I was recently driving my family through town, on the way to the beach. Protesters had gathered on the corner of an intersection, and were vocalising their opposition to the Covid-19 vaccine roll-out – waving signs at passing cars that read things like 'COVID SCAM', or 'NO VACCINE'. The rest of the car ride to the beach was spent trying to explain – in as positive and non-judgemental tones as possible – the motivations and mind-set of the gathered crowd to our children.
This column isn't really aimed at the very small minority who share the views of the crowd that were gathered on that intersection. Rather, this column is directed to those of us who know someone – or some people – who are feeling uncertain about the safety of the vaccine, and have been putting-off getting their jab out of fear. Perhaps that "someone" is you.
Let me start by saying that I completely understand and empathise. When I had the opportunity to receive my first Covid-19 jab, even I – a public health researcher – had a smidge of hesitancy as I pulled into the car park at the vaccination centre.
That pang of worry – that fear of the unknown as the needle hits your skin – is not the same thing as denying the existence of Covid-19, nor the importance of the vaccine as a means of controlling it. Just because someone has delayed having their jab out of hesitancy, that doesn't make them part of the intersection-protester crowd. It just makes them, or you, human.
To those who are vaccine-hesitant: please know that the fear of vaccine safety can irrationally spook us into believing that the vaccine poses a greater threat to us than the disease it is trying to prevent.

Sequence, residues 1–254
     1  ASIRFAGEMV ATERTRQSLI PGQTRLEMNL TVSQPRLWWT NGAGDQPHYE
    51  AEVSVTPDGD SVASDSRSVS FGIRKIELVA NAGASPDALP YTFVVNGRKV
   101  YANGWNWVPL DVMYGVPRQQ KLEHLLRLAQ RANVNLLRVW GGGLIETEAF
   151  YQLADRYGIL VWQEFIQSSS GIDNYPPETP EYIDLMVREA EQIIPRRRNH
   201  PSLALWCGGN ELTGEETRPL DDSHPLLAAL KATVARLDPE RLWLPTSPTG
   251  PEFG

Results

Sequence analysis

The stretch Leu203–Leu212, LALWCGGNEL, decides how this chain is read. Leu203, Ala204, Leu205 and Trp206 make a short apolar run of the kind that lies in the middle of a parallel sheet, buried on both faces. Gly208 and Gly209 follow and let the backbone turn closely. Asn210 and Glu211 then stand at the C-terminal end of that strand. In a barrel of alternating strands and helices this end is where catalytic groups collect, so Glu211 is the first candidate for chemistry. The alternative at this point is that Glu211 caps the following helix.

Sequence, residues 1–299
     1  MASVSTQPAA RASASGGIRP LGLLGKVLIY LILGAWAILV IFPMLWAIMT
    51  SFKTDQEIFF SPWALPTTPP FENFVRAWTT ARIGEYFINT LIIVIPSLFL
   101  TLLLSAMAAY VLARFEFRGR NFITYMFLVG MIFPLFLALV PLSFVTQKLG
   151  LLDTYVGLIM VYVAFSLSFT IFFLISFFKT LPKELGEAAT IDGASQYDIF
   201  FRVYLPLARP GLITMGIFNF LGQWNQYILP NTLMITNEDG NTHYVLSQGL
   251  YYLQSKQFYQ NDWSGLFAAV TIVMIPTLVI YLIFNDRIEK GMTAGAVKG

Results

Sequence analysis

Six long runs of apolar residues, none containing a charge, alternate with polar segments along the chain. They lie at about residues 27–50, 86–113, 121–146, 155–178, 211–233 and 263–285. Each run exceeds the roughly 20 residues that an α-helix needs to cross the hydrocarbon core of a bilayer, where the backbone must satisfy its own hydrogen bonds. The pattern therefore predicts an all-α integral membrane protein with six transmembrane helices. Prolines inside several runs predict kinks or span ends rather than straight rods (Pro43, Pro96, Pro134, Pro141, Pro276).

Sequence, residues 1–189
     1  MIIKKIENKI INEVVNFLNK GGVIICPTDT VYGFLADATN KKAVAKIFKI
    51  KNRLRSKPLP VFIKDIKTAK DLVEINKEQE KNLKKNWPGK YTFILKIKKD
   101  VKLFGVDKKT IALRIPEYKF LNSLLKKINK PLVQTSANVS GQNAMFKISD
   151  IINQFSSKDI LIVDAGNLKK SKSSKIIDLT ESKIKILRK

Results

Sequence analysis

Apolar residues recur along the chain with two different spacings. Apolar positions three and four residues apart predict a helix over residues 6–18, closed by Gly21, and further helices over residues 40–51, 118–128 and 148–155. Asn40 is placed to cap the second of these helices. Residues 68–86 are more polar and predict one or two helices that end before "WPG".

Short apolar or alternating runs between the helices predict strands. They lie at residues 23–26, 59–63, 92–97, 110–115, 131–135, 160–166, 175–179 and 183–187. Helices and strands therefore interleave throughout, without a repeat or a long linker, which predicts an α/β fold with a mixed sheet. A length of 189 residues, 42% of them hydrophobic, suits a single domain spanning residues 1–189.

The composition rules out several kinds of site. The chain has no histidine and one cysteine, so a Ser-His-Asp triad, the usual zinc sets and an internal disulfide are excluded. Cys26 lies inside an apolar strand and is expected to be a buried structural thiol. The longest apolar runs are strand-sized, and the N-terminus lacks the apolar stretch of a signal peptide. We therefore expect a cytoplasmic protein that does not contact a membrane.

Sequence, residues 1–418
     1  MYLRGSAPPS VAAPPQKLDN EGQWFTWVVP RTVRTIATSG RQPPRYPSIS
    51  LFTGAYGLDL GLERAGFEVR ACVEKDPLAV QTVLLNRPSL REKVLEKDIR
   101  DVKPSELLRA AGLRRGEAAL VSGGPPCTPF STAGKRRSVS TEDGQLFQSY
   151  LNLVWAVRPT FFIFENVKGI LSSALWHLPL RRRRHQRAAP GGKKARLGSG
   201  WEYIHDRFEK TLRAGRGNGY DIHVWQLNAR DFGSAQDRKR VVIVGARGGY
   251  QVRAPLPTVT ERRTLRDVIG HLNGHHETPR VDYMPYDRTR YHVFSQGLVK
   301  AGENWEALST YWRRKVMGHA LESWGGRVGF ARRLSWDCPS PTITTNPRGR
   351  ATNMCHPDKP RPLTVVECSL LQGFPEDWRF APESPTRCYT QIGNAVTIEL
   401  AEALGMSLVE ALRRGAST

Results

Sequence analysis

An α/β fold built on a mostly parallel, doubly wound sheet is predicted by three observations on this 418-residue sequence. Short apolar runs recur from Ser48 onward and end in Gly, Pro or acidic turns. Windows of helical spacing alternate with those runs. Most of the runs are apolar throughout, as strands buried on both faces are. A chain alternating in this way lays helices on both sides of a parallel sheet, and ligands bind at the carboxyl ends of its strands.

Multiple clinical trials and billions of real-world doses have shown us that the vaccine works, and is safe.
That doesn't mean that adverse reactions don't happen; but the chance of them happening pales into utter insignificance when compared with the very real chance of becoming ill or dying from Covid-19.
Also, please know that the pathway back to anything resembling normality will be paved with empty syringes. There's simply no way around it: we cannot lock down forever, and New Zealanders will not tolerate avoidable deaths.
Vaccination is our only hope to protect ourselves and the most vulnerable members of our community against the worst impacts of this disease in the long-term.
To those with friends or family members who are unsure about getting the vaccine: the best thing that we can do is support them through their decision-making process.
Blaming and shaming will only lead to further entrenchment of negative views toward the vaccine.
We must be prepared to listen to their concerns; only then will we have an opportunity to offer a kind word that might curb their hesitancy.
Encouragement, rather than judgement; respect, rather than contempt. And just like Richie McCaw, the best leaders often lead by example: in other words, getting your own shots as soon as possible will show hesitant loved ones that they have little to fear.
Jason Gurney is an epidemiologist at the University of Otago who grew up in Northland